|Ruthie Ann Miles as Imelda Marcos and Jose Llana as Ferndinand Marcos greet their followers played by the audience in the Broadway production of "Here Lies Love."|
The Broadway hit musical by David Byrne about Imelda Marcos' rise from a provincial beauty queen to the Iron Butterfly had been launched on a national tour with its first -- and as it turns out, the only -- stop in Seattle.
It was originally slated to also have a run in San Francisco but production costs proved too expensive for the American Conservatory Theater.
The show was so popular in Seattle that its run was extended to June 18. The general public was disappointed that the orignal run was sold out, mainly to season ticket holders. The extension allowed non-subcribers, some who took part in the anti-Marcos movement, a chance to see the musical that played such a a strong influence in the development of the Asian/American movement.
ACT announced in November that they had to cancel the planned Here Lies Love ACT artistic director Carey Perloff says they've been working for two years to bring the piece to San Francisco but "Ultimately the logistics and cost proved insurmountable," he said in a press release.
The difficulty is staging the Tony-award winning musical is the interactive nature of the production in which, the audience, without the traditional seats, become part of the play. In a span less than two hours, the audience becomes the worshippers of the Marcoses, dancers in a discoteque, and protesters against the Marcos dictatorship.
It would have required ACT to removes the rows of seats in one of its theaters and building a stage that thrusts into the what would have been the best and most expensive seats in the house.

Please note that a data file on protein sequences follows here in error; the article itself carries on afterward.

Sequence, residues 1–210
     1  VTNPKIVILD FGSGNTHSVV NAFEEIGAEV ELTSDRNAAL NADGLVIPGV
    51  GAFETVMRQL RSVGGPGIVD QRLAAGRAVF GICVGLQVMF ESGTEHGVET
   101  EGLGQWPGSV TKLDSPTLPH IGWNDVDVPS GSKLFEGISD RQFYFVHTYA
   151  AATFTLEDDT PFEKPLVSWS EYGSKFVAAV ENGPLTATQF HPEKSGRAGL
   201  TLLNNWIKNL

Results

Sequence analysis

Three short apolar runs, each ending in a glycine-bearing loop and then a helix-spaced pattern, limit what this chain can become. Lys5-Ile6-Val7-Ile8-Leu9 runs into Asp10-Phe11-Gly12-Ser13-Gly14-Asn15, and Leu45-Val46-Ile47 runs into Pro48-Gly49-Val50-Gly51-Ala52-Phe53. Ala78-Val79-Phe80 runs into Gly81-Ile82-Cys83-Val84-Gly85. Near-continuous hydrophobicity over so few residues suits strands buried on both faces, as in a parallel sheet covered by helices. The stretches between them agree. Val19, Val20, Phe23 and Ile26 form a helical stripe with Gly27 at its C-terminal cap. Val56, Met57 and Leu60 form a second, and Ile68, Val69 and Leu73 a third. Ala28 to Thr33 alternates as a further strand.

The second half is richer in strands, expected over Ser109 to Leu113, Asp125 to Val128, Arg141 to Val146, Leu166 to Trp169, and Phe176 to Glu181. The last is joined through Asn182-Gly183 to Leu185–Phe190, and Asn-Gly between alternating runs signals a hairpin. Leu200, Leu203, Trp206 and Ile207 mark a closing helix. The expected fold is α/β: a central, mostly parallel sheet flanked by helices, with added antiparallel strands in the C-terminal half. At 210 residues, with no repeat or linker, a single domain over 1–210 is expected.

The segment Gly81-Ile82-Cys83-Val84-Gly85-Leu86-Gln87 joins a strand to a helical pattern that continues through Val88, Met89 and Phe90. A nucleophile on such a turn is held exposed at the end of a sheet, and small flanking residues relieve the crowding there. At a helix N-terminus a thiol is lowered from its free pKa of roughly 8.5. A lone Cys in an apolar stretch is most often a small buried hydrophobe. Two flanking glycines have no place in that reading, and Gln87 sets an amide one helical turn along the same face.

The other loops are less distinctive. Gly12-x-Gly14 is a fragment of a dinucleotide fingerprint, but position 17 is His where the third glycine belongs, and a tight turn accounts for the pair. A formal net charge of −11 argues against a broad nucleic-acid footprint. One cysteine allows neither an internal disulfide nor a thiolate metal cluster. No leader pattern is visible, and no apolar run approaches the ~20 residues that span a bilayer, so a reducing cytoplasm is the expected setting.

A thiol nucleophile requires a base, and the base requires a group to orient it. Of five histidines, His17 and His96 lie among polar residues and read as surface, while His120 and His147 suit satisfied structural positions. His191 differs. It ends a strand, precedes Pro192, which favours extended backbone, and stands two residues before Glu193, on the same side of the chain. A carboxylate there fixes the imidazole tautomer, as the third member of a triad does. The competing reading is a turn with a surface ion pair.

It's hard to believe that ACT couldn't find the wherewithal to house the interactive musical,
Seattle Rep managed to find a way to revamp its theater and benefited from the gamble. Here Lies Love became the best-selling production in Seattle Repertory's history, said the theater company's spokeswoman Michelle Sanders Leyva.
Despite having an audience base 10 times larger than Seattle, San Francisco's ACT chose economy over art; safety over risk.
That's unfortunate because the critically acclaimed musical most likely would have been sold out and been given an extended run in San Francisco, the center of the anti-Marcos movement in the U.S. and home to one of the second largest concentration of Filipinos and Filipino/Americans outside of the Philippines. L.A. takes the No.1 honors.
It is also timely because the Marcos family is attempting to regain power and influence in the Philippines. The dictator's son, Bong Bong, narrowly missed becoming vice president in the last election. He remains as a senator in the Congress of current strongman Rodrigo Duterete.
It's rare that a musical about an Asian subject that appeals to an Asian audience comes along. In San Francisco at least, we have to satisfy ourselves with experimental, low-budget off-Broadway productions. While the smaller plays may be earnest and their themes important -- I don't mean to imply the hard work and talent that goes into them is of lesser quality -- but, why should those productions be relegated to a side stage?
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In the Bay Area, one of the most diverse regions in America with a strong link with Asia and the Pacific, outsiders shouldn't always be the ones seeking detours and shortcuts into the mainstream. When a production comes along that can bridge the divisions within our society, it should be seen by as many people as possible. That is the essence of art. ACT should have taken that leap with Here Lies Love. Diversity and inclusion should be a two-way street.